From ThorxWiki
Jump to: navigation, search

In the 1990s, Australia abolished the 1¢ and 2¢ coins. NZ has abolished the 5¢ coin since. Should we follow suit?

However: Consider the change amounts that are possible... what is the optimal way to make change?

1x 5¢ coin
1x 10¢ coin
1x 20¢ coin
1x 20¢ coin + 1x 10¢ coin
2x 20¢ coin
1x 50¢ coin
1x 50¢ coin + 1x 10¢ coin
1x 50¢ coin + 1x 20¢ coin
1x 50¢ coin + 1x 20¢ coin + 1x 10¢ coin
1x 50¢ coin + 2x 20¢ coin

Totalling that up, we have:

  • 5x 50¢ coins
  • 8x 20¢ coins
  • 4x 10¢ coins

What about the 5¢, 15¢, 25¢, etc... those are the same as above, plus a 5¢ coin

  • 10x 5¢ coins

Of course, these numbers aren't real-world, since some amounts of change are vastly more common than others (needing 5¢ change is common, whilst 35¢ is rare), and often you'll not get the above examples of optimum (most commonly I get 3x20¢ instead of a 50¢+10¢, further diminishing the likelihood of a 10¢ in my change)


In my experience, I rarely get 10¢ coins in change - for the reason that my change rarely requires them. I will OFTEN end the day with many 5¢ coins, but they're almost always one-per-transaction.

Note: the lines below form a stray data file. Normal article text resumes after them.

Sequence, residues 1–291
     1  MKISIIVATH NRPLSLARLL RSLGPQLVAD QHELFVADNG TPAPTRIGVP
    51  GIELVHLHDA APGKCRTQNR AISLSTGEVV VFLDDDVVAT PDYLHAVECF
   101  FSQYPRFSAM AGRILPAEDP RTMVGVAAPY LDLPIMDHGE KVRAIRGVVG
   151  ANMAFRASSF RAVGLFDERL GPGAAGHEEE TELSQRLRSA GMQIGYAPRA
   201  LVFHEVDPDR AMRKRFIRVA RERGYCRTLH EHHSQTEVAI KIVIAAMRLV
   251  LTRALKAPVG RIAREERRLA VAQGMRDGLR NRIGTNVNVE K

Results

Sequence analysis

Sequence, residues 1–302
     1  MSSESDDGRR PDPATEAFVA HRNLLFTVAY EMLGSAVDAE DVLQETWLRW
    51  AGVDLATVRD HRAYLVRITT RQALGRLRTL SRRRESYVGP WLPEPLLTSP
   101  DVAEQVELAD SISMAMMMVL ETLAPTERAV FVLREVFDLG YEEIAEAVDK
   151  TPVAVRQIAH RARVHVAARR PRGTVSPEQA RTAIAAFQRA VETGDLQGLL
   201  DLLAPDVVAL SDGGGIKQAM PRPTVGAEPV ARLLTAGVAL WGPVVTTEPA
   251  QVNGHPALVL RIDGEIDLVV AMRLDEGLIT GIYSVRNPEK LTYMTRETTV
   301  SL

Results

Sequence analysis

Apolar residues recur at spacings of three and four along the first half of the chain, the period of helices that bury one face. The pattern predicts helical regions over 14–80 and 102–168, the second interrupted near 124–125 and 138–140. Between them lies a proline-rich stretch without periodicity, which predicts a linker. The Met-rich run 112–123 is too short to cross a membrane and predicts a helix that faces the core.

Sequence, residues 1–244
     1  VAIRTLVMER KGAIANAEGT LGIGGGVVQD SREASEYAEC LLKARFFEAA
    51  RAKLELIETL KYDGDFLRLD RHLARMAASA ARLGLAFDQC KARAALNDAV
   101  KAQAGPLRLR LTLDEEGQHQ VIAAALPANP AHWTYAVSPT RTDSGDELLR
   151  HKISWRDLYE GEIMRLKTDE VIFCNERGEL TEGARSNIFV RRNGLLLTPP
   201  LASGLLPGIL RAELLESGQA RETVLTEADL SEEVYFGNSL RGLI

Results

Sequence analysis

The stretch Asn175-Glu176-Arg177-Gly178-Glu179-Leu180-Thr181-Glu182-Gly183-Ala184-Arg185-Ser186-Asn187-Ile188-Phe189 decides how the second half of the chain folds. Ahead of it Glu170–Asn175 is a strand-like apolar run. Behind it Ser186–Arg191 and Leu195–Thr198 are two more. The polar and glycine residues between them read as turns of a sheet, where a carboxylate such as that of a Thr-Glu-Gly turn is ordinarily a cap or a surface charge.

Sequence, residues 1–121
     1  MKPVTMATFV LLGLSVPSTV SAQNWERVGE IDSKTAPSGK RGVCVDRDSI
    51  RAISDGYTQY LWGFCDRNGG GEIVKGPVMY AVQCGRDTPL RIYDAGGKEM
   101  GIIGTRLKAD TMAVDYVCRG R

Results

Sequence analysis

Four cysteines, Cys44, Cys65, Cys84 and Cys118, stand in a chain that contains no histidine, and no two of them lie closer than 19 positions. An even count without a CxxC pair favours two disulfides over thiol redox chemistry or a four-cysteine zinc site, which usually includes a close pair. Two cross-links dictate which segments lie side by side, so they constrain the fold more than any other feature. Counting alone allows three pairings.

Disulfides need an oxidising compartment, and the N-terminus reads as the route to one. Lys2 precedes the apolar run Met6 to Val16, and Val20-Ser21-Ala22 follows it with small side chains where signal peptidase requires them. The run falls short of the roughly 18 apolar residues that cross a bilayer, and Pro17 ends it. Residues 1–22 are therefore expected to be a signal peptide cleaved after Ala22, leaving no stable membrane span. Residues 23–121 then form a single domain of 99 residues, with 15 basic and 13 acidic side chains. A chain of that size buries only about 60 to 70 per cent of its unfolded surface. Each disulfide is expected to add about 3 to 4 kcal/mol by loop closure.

Abolish the 10c coin?

Nemo says yes


  • It's not needed much
  • Abolishing it requires no transaction rounding since it's rare need can be covered by using 2x 5¢ coins.
  • Save manufacturing costs by not needing a whole a coin... that's a full 25% of the silver coin product range!

However, I recognise that there are cons... (or at least, superseding pros to the 5c abolition... Cons:

  • Increased locking to retaining the 5c coin, since abolishing that would bring our cash transactions from multiples of 5¢ up to multiples of 20¢ in a single jump! That would be both unpopular, and a difficult transition
  • Manufacturing costs are likely better saved by abolishing the 5¢ which has less profit per coin.
Personal tools

meta navigation
More thorx